For a while now we knew that CAPTCHA‘s were becoming irrelevant. There were a great solution when they were first introduced, but I think that everyone knew that they are not going to be around for a long time. The tend in technology is always constant improvement – so OCR engines will continuously improve each passing year. CAPTCHA strength on the other hand has an upper bound because it needs to be human readable. You can continue making the pictures more complex and tricky to solve but at some point they become as incomprehensible to a human being, as they are to some random bot. For example, how do you guys like the rapidshare dog/cat CAPTCHA?
I personally hate that one. Yes, you can sort of figure it out but you actually have to put some effort into it, and sometimes it’s just pure guesswork. Does it help against the automated scripts? I don’t know – I guess this is a question we should direct at Rapidshare. But it sure is annoying to regular users.
The OCR technology is not there yet – it’s getting better, but I presume that we could still get few years out of our CAPTCHA’s if their effectiveness boiled down to complexity of design vs. character recognition arms race. But we all know there is a growing cottage industry out there which uses real people to solve CAPTCHA’s by either tricking them into doing it or paying them per solved puzzle. I always imagined this to be rather shady business conducted in private spammer forums and via private channels. But it is not. They are actually doing this out in the open, as a legitimate paid service:
Here is a screenshot of imagetotext.com – a company which specializes in solving CAPTCHAS. They of course don’t say it like that, but I think the blurbs on their site make it pretty clear that they are not really interested in doing any sort of data entry tasks or into transcribing free hand text into digital format. They are interested in receiving a small image, and shooting back the text at $.02 a pop bought in “packages” of 500 images or more. With a narrow focus like that, what else could they be doing?
Note that I’m not linking to them, because sure as hell they don’t need any Google juice from me. :P The ubiquity of CAPTCHA basically created a new niche industry. All you need now is some clever script that will harvest CAPTCHAS, send them to Image to Text, receive responses and create accounts on popular online services. Thank god these sort of scripts are shady, and probably hard to get, right? You either have to make them yourself, or know where to find them, or who to ask for them. It’s not like anyone can just go to a website and buy, for example, an automated Myspace account creator? Right?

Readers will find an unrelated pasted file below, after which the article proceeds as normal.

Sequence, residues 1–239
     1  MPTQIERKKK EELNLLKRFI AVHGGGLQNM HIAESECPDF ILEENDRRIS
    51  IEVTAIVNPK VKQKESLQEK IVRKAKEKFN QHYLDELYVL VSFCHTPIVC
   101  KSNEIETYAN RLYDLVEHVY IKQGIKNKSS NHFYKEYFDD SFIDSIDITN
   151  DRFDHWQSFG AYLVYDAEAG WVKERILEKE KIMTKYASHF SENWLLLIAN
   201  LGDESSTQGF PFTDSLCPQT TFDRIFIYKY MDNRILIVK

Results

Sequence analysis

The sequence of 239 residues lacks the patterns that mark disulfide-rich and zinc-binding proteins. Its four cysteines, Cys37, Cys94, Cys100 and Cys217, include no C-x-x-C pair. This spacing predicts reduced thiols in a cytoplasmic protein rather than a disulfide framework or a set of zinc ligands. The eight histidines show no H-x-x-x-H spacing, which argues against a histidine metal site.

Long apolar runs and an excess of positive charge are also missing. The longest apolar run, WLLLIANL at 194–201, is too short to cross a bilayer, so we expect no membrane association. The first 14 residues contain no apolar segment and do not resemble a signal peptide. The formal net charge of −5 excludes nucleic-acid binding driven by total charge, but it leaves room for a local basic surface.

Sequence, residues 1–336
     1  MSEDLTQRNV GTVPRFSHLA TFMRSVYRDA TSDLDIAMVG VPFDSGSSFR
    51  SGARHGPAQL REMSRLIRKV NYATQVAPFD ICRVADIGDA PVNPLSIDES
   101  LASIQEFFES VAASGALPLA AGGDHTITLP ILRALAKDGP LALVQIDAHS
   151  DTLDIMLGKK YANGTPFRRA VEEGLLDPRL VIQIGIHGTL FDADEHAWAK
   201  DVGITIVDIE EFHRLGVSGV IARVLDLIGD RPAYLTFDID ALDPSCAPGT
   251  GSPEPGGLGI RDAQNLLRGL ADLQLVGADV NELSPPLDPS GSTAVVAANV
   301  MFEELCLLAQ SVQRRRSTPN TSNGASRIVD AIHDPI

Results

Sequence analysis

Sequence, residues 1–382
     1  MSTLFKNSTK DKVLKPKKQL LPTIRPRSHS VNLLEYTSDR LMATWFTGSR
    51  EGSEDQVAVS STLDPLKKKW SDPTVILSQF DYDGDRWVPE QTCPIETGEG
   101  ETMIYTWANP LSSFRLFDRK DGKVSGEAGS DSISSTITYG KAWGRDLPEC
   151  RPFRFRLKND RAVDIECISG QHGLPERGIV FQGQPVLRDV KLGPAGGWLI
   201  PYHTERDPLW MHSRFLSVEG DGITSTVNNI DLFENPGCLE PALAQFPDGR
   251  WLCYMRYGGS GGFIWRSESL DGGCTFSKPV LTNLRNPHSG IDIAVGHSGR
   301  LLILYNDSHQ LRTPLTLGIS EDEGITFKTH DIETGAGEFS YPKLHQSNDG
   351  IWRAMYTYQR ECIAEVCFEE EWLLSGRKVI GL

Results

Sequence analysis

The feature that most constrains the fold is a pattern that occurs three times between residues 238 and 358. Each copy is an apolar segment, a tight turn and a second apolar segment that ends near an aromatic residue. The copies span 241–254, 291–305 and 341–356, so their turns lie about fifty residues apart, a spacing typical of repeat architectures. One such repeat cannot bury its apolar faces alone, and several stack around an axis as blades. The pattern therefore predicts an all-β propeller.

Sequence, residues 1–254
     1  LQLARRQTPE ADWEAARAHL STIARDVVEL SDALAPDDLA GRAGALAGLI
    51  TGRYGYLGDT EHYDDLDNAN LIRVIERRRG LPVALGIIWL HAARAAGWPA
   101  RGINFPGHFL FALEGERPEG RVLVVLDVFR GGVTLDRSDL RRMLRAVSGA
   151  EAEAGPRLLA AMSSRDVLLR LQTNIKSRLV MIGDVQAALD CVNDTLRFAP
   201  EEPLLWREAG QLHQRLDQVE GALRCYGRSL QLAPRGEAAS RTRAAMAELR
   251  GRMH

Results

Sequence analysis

This one is from allbots.info – a website that seems to be selling precisely that: account generation scripts that create random profiles, and simply need a human being solving CAPTCHA’s really fast for them. So you buy one of these apps, then purchase a big ass package with ImageToText you can start building your brand new spam empire. All it takes is some cash – you can even be borderline retarded. It won’t slow you down.
Combine the two services, and you have yourself a deadly combo with no programing, and no thinking required. A bit scary if you think about it. I’m not sure how profitable are these two companies, but the fact that they exist indicates that there is demand for these type of services out there.
CAPTCHA’s may be effective in stopping your average home grown spammer, but they are actually creating a whole micro-industry revolving around circumventing them. In other words, they are actually performing natural selection – weeding out the week players with few resources, and leaving only the biggest, baddest and most determined in the game. They are the catalyst, helping to evolve bigger and better bad guys.
Public Turing tests may be doomed and I suspect they might get completely phased out from use on the web in next 5-10 years. And it’s not just CAPTCHA’s – all public Turing tests. After all, it doesn’t matter if you are interpreting an image, solving an equation, or answering a question – it doesn’t really matter if there is a low wage human worker solving it on the other end, and then handing control over to a script.
Google has an interesting idea going on with their text message based application. If you haven’t seen it, try signing up for one of their services such as Gmail or Google App Engine. Instead of using a CAPTCHA they send a text message with an activation code to your cell phone. At least for the time being this system remains much harder to game – which means we might see it being used more and more often by popular online services. Of course it does have serious downsides as not everyone with an internet connection may have a cell phone (think less developed countries) and not all cell carriers may be supported. We will need something else – but what?
It will be interesting to observe where will the anti-bot technology will go in the next few years.
[tags]captcha, imagetotext, allbots, rapidshare, public turing test[/tags]